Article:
I am relieved to say that fourth roommate Dan is accounted for. He ended up being trapped in his building, which is four blocks from the WTC, the entire time. I am also relieved to say that all of my friends who were in the neighborhood or building were able to get out in time.
[My roommate] Patrick [had been] on his way to a doctor's appointment a few blocks from the WTC. He was on the street when the second plane hit. When the building collapsed, he was two blocks away from the WTC; he was incredibly confused, people were running everywhere, varied reports going through as people screamed, cried and sobbed. He ducked down an alley. He almost jumped into a Dumpster, thinking planes were crashing all around him when he saw the cloud of debris and smoke coming his way. He ran, he ran like he never ran before, running toward our building. But the oncoming cloud would not relent, ready to envelop him, so after traveling east, he headed north, sprinting at a full speed pace, with five other similarly athletic guys, not stopping till he made it to 23rd Street. After resting and contemplating what just happened at his old apartment at 33rd and 3rd, he realized the danger of being so close to the Empire State Building and escaped by getting on the subway to Queens and then Brooklyn. He now is still in shock and is recovering. His body is also hurting him, as the soreness of running from sheer adrenaline and will do not leave easily.
In terms of what I have observed here in the city, it is so eerie and strange. I took the subway up to the Upper East Side this morning (and am still here). The subway was quiet. The streets are empty of cars. Only taxis and buses are on the road. People are quiet and reserved. It's beyond anything I've ever seen before.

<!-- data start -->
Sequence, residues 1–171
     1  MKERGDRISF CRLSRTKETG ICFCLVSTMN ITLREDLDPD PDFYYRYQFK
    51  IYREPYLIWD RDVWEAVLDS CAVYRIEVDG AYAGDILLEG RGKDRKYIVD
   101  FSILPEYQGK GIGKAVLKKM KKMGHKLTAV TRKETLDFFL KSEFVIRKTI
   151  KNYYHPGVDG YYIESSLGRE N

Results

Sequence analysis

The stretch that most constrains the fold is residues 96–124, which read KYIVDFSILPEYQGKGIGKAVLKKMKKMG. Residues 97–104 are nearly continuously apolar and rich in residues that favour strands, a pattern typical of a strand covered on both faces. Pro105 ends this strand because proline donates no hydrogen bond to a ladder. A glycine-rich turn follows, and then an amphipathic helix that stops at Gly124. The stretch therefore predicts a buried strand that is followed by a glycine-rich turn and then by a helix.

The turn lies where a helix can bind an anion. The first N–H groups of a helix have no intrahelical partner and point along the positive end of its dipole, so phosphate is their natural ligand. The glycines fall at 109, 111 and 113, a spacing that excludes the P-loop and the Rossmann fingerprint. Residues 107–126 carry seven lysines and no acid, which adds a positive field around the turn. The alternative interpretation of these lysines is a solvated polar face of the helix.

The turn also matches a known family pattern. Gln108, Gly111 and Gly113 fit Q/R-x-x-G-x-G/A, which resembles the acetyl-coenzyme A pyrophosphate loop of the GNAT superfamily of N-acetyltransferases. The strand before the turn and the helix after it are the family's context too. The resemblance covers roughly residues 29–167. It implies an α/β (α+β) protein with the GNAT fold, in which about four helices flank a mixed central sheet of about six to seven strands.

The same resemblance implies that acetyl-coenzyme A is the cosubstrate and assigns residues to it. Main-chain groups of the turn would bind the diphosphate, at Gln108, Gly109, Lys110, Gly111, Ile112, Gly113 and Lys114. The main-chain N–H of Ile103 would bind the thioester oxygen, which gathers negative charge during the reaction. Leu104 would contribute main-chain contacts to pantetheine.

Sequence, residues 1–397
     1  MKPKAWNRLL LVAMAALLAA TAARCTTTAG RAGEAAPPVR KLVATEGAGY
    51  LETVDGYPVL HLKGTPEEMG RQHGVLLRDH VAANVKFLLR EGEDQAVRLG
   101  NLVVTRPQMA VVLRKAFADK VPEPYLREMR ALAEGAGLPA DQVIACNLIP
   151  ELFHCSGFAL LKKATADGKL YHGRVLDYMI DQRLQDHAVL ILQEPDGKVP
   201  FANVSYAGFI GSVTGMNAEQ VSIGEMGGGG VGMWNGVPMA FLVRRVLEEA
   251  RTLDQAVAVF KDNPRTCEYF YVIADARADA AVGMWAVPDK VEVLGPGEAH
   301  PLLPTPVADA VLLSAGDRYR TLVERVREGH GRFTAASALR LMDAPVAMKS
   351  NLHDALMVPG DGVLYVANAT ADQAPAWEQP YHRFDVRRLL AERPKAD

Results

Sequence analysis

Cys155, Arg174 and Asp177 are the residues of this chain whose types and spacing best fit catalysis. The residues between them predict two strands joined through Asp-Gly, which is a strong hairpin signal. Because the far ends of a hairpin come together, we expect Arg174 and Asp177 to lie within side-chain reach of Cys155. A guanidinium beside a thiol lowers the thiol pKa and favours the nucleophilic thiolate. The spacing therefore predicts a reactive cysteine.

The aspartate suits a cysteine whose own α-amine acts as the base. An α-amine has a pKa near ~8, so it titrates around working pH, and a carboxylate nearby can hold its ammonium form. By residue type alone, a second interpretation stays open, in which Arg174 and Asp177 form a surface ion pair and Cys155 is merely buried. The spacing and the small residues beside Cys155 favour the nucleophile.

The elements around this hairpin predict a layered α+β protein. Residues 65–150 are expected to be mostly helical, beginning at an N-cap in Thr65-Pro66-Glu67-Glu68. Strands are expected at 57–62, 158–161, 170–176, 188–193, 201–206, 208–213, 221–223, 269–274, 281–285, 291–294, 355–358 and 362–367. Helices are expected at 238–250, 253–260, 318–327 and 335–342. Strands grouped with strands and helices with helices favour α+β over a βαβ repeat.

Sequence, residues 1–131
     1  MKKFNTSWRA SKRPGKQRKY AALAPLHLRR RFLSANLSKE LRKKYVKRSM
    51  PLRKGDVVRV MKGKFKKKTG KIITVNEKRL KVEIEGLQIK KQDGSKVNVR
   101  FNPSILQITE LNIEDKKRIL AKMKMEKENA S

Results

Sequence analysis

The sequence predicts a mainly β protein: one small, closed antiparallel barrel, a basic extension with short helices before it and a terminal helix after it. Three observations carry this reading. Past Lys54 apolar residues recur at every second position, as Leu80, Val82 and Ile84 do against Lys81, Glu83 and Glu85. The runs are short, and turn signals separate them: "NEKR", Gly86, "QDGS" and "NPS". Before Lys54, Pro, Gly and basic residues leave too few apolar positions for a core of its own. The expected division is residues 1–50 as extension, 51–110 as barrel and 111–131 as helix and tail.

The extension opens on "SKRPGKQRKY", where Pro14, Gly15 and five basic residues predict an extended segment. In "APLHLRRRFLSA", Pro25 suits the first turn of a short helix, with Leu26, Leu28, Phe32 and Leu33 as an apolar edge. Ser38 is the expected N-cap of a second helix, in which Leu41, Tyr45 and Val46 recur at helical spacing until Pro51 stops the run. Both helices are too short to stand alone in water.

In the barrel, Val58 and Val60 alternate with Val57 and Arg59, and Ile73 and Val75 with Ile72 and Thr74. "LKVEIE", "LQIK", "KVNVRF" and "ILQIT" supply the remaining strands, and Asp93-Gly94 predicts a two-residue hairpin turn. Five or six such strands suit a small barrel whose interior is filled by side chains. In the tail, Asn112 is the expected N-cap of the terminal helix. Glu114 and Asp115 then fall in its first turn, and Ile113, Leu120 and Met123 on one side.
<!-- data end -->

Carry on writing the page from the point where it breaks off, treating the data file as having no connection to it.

In a way we are trapped here. Many of [the] bridges have finally opened, but the roadways to get there are closed or jammed with roadblocks. Subways are running, but only above 14th Street. It's just so surreal.
Day 3 here in NYC. Still reeling from Tuesday. Unreal. It's still like a movie for us. It's hard for me to go on my roof, look at the downtown skyline and see the gaping hole left by the WTCs. It's also hard to fathom that 1 Liberty Plaza, a building that has many floors occupied by Goldman Sachs employees, is teetering over. The city is so different, like a ghost town. Stores closed up. Few regular cars on the streets of Manhattan. Military and police vehicles rolling down the street. The people. No one is smiling. Somber looks.
More to the story. Monday night there was a celebration dinner in honor of me, with all of my past co-workers there (around 40 or so in all)! It was unbelievable. I received gifts (and steak!) and cards and even a letter of support from the very CEO of Goldman Sachs, Hank Paulson, who sent his regrets that he couldn't be there because of an important meeting. It was unreal. Afterwards, most of us went to Village Karaoke to sing the night away. It was absolutely wild. That's why I slept in. That's why my roommate Trac slept in on Tuesday and tried to get to work late, only to be stopped at a subway station in Brooklyn, far from Ground Zero.
Till [my biopsy], I have to occupy myself. Last night we rented movies at our apartment just to relieve ourselves of the steady stream of news. We don't have cable or a phone line directly into our apartment, so entertainment is [sparse]. I tried to go shopping to buy some clothes, since almost everything I own is in Ohio (my dad moved me out three weeks ago). Everything was closed by 5 p.m. Justifiably so. Tonight maybe more movies or a book to fill in the time and get away from the tragedy. For those trying to reach me via cell phone, good luck. The network is incredibly busy.
It's hard to imagine [God's] in control and knows what he's doing -- but seeing how humans are reacting to this, seeing the charity, the love, the brotherhood, the respect, there is no doubt God is working through the midst of this, through us.
Below 14th Street is closed. The financial district, roughly an area below Canal Street, is off limits. Those not authorized to go down there are being arrested. I have friends who live a few blocks away from the WTC on John Street. They have no idea when they will be able to return to their apartment. Co-workers don't know when their offices will reopen. One of our buildings is still in limbo. They say Wall St. will open on Monday; I don't believe it. The buildings are too close to each other and the recovery will take weeks.
The streets were somber and empty, especially on Wednesday. The subways were empty traveling into the city. Most of the roadways off of the island were closed. We were literally trapped on the island of New York City. No driving, no flying, very little public transportation. We were prisoners. Thank God another attack didn't take place.
Source:, and e-mails to The Vindicator

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